FIG. 32 is a timing chart showing the operation of a conventional CMOS driver circuit; and

FIG. 33 shows the relationship between the thickness of a gate oxide film and a gate leak current per transistor.

DESCRIPTION OF THE PREFERRED EMBODIMENTS

Embodiments of the present invention will be described hereinafter in detail with reference to the drawings. It is noted that same or corresponding sections are denoted by the same reference symbols, respectively in the drawings and will not be described repeatedly.

First Embodiment

Referring to FIG. 1, a driver circuit 100 according to a first embodiment of the present invention includes inverters INV1 to INV3. Driver circuit 100 differs from a conventional driver circuit in that inverter INV0 described with reference to FIG. 18 is eliminated and two inverter stages receiving input signal IN are provided. Specifically, inverter INV2 outputs its output result to a node N0 connected to the gate of transistor NT1 of inverter INV1 in response to input signal IN. Inverter INV3 outputs its output result to node N1 connected to the gate of transistor PT1 of inverter INV1 in response to input signal IN. Inverters INV2 and INV3 constitute a control circuit CT1 which controls the voltage levels of nodes N0 and N1.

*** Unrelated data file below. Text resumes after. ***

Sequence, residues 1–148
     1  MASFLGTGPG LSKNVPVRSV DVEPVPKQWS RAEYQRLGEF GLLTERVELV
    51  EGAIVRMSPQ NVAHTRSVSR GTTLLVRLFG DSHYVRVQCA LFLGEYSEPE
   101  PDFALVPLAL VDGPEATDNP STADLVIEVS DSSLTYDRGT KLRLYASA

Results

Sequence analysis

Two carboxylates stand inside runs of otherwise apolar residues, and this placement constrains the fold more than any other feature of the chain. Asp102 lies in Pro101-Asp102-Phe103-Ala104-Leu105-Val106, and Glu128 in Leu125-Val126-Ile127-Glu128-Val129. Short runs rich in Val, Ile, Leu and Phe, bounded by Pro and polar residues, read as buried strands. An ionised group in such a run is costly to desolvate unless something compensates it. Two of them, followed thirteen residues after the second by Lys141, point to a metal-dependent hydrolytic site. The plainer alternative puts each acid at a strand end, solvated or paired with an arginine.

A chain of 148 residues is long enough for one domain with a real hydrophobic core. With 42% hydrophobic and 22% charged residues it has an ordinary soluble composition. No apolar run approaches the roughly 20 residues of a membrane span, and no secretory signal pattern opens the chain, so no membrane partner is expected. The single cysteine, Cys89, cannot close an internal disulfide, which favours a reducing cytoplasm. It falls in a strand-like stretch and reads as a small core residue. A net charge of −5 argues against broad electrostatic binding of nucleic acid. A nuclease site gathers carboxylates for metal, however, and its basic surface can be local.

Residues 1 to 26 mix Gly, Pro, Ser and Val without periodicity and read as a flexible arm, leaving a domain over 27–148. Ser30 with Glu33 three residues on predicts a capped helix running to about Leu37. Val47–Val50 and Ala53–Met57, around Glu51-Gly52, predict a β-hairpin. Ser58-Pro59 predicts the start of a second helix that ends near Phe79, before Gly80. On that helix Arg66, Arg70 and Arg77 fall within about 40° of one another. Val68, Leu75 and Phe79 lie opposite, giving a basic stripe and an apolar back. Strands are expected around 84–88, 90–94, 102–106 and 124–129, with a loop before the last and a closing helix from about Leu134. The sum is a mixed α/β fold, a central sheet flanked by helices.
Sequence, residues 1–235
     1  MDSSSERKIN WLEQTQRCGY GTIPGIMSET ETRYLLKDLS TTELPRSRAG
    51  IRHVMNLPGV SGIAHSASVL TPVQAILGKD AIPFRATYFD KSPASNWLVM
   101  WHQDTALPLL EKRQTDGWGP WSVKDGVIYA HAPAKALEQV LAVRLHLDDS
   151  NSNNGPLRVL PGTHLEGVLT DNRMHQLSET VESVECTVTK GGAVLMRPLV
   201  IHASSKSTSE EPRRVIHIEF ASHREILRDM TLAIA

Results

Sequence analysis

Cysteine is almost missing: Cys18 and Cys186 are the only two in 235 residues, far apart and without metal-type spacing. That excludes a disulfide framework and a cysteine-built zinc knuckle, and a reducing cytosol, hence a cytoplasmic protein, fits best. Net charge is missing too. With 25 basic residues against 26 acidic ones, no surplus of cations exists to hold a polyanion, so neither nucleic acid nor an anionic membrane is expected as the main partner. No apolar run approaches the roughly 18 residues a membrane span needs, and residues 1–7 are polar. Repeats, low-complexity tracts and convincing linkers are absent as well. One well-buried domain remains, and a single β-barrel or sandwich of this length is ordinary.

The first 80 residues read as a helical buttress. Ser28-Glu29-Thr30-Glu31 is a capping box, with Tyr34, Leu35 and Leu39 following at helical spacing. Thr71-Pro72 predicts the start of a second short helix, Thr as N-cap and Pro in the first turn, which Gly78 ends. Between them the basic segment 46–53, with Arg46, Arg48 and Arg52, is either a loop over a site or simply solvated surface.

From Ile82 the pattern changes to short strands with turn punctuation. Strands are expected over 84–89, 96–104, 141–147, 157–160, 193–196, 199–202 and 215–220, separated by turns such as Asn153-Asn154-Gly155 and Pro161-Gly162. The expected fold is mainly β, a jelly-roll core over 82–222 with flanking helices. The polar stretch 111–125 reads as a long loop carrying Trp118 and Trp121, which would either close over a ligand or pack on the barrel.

Inverter INV2 includes transistors PTT2, PT2 and NT2. It is assumed herein that transistors PTT2 and PT2 are P-channel transistors. In addition, it is assumed herein that transistor NT2 is an N-channel transistor. In transistor PTT2, a source side is connected to power supply voltage VDD and a drain and a gate is electrically coupled to each other. Namely, transistor PTT2 is a so-called diode-connected transistor. Transistor PT2 is arranged between power supply voltage VDD and node N0 through transistor PTT2 and the gate thereof receives the input of input signal IN. Transistor NT2 is arranged between node N0 and ground voltage GND and the gate thereof receives the input of input signal IN.

Inverter INV3 includes transistors PT3 and NT3. It is assumed herein that transistor PT3 is a P-channel MOS transistor. In addition, it is assumed herein that transistor NT3 is an N-channel MOS transistor. Transistor PT3 is arranged between power supply voltage VDD and node N1 and the gate thereof receives the input of input signal IN. Transistor NT3 is arranged between node N1 and ground voltage GND and the gate thereof receives the input of input signal IN.